Strife Series on British Security Post-Brexit, Part V – Brexit Defence Implications: Mind the Gap

By Alfonc Rakaj

Divorces are messy. They separate families by turning parents against each other as they negotiate over their assets and determine child custody rights. Furthermore, children often have to make uneasy decisions and can find themselves pitted against one of their parents while siding with the other. Such actions resemble the British attempt to divorce from the European Union (EU) following the Brexit referendum. Commentators have rushed to consider the political and economic implications of the decision while shying away from potential security and defence effects. Economic strains imposed by Brexit and the transition-related hurdles stood up by the EU will further challenge Britain’s military status and defence role in Europe and beyond.

Internal political quarrels over the nature of the Brexit are in full steam. First, it was the High Court that challenged the pathway to Brexit, then the House of Lords on specific amendments, and now, the devolved government of Scotland led by the Scottish National Party (SNP) has made clear its intention to hold a second independence referendum. While political complexities regarding the nature of the divorce get worked out, Britain’s focus shifts more towards domestic issues. In this regard, its defence objectives and capabilities face tough political and economic challenges.

As Brexiteers celebrated, financial markets panicked. The British pound lost 10 per cent of its values against the U.S. dollar, a 31-year-low for the currency and its biggest daily loss in history, as investors weighed over the uncertainties related to the decision to leave the EU. The FTSE 100, London’s Stock Exchange, fell by £120 billion overnight. A report released shortly after the referendum by the Royal United Services Institute (RUSI) pointed the potential negative effects of such an economic downturn on UK’s defence spending powers. The report stated that the cost of procuring military hardware by the Ministry of Defence is estimated to increase by as much as £700 million annually starting in 2018-19. That is the equivalent of 2 percent of the current defence budget. This, according to the report, will force the UK government to reconsider its budget commitments with the likelihood of needing to delay or reduce its planned acquisitions. At the time the report was published, sterling was trading at £1 per $1.30. In the period between June 2016 and March 2017, the pound has declined against its US counterpart, its value ranging between $1.20 per 1£ to $1.27. This illustrates, that the figure provided by the report could even be higher than its initial estimates.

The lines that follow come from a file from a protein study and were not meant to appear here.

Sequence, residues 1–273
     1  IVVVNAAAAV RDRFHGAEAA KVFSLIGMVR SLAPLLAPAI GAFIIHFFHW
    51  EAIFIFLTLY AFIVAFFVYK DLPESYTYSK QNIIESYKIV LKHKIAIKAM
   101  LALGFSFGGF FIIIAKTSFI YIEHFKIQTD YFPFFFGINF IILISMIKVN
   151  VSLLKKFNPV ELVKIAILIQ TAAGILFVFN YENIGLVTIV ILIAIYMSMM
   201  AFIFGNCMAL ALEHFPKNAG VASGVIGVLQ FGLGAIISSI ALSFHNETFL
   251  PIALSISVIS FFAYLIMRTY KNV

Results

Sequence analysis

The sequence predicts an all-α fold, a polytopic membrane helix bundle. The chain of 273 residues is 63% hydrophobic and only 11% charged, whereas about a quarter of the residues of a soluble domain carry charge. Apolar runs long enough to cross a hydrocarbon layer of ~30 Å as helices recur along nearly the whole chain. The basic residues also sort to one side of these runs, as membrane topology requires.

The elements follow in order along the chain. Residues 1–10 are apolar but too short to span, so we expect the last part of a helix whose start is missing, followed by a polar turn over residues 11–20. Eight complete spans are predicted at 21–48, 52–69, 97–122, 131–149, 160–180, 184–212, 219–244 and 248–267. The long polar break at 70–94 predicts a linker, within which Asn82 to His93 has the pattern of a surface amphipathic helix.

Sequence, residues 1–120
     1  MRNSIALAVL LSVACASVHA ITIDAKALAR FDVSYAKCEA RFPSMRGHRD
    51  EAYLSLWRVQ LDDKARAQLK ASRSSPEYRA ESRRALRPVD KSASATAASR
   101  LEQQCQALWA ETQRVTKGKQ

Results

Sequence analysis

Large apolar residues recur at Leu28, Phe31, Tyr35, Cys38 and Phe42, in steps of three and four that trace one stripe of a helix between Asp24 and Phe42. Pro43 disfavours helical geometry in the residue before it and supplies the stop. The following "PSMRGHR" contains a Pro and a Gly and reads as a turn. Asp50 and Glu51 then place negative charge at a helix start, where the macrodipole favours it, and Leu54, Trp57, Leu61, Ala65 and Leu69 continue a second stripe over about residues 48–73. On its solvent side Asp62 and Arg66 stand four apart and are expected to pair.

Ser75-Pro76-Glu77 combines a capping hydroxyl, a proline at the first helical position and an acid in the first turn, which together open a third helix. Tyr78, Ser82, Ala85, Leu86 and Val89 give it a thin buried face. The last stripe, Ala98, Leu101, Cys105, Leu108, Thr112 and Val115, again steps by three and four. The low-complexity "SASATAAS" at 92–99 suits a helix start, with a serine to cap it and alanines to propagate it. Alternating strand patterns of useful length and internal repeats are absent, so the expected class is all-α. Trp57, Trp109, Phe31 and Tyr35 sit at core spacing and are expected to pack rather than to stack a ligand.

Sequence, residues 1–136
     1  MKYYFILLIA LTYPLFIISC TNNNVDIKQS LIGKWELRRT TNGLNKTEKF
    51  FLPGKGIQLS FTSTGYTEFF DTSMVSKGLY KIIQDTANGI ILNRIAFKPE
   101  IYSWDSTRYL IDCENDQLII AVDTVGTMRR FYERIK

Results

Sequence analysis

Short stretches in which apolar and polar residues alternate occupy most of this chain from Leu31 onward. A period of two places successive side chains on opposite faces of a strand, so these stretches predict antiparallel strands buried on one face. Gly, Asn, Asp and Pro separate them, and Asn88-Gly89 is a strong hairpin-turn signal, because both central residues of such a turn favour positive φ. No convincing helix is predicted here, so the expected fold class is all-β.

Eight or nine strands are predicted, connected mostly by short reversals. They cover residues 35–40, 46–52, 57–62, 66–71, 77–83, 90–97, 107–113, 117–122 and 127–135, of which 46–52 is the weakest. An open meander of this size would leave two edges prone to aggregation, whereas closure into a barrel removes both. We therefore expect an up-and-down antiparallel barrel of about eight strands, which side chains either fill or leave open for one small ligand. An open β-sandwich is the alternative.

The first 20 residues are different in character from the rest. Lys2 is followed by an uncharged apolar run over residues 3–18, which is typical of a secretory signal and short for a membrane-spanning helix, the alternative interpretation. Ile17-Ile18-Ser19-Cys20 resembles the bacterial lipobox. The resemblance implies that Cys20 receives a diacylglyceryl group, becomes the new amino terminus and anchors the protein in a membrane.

On the bright side, Britain boasts a large defence budget, the fifth largest in the world and second only to the US among NATO members. It is one of the few NATO members able to uphold its pledge to spend at least 2 percent of its GDP on defence and it recently recommitted itself to that promise. In addition, Britain’s National Strategy and Strategic Review stated its intent to increase its equipment investment by 1 per cent annually up to 2020-21, while procurement spending is expected to reach £178 billion in the next ten years. In addition, the UK government has committed itself to exempt the defence budget from further government cuts.

However, as it is often the case, the devil is in the details. Such estimates will be impacted if the UK economy slips into recession caused by a hard Brexit; further, if the sterling slips against its rivals, the purchasing powers of the UK Ministry of Defence will decline. As the UK triggers Article 50 of the Lisbon Treaty, starting the negotiation to leave the EU, the Sterling’s resolve against other currencies will be tested leaving the affordability of Britain’s acquisition plans in question.

Meanwhile, a second referendum in Scotland poses challenges for the political cohesion of the United Kingdom and tests the status of Britain as a global power, and could have negative ramifications for its economy. A Scottish exit from the United Kingdom would diminish the influence of Britain as its size, its population and its market shrink. Even Britain’s core defensive capabilities would be put to test. The Scottish Nationalist Party (SNP) has made clear its intention to free Scotland from stocking nuclear weapons. Considering that the UK’s nuclear deterrents are all located in Scotland, this would significantly challenge the status of Britain as a nuclear power. Besides that, political consequences of an independent Scotland would impact the UK’s shipbuilding industry which is located in Clyde, Scotland. A relocation of such an industry is estimated to cost the UK government £3.5 billion.

Markets are wary to huge risks. A second Scottish referendum, and possibly a breakaway of Scotland would have a negative impact on the economy and the sterling currency itself. If Scotland leaves, then the UK would have experienced a breakaway from a market of over 400 million in the EU, to a single market of less than 60 million. Still, even if Scoxit does not materialise, Brexit is likely to have a profound effect on Britain’s global outlook. Even if the UK does not change its defensive commitments in the future, leaving the EU could diminish UK’s status. There’s already speculation that France could take over its position as the Deputy Supreme Allied Commander in NATO. As negotiations progress, the effects will become clear while sterling and the UK economy will be severely tested. The UK defence budget will surely be impacted, the question is how much and to what extent.

Alfonc Rakaj is a student in the War Studies Program and is a Chevening Scholar pursuing an MA in International Relations at King’s College London.

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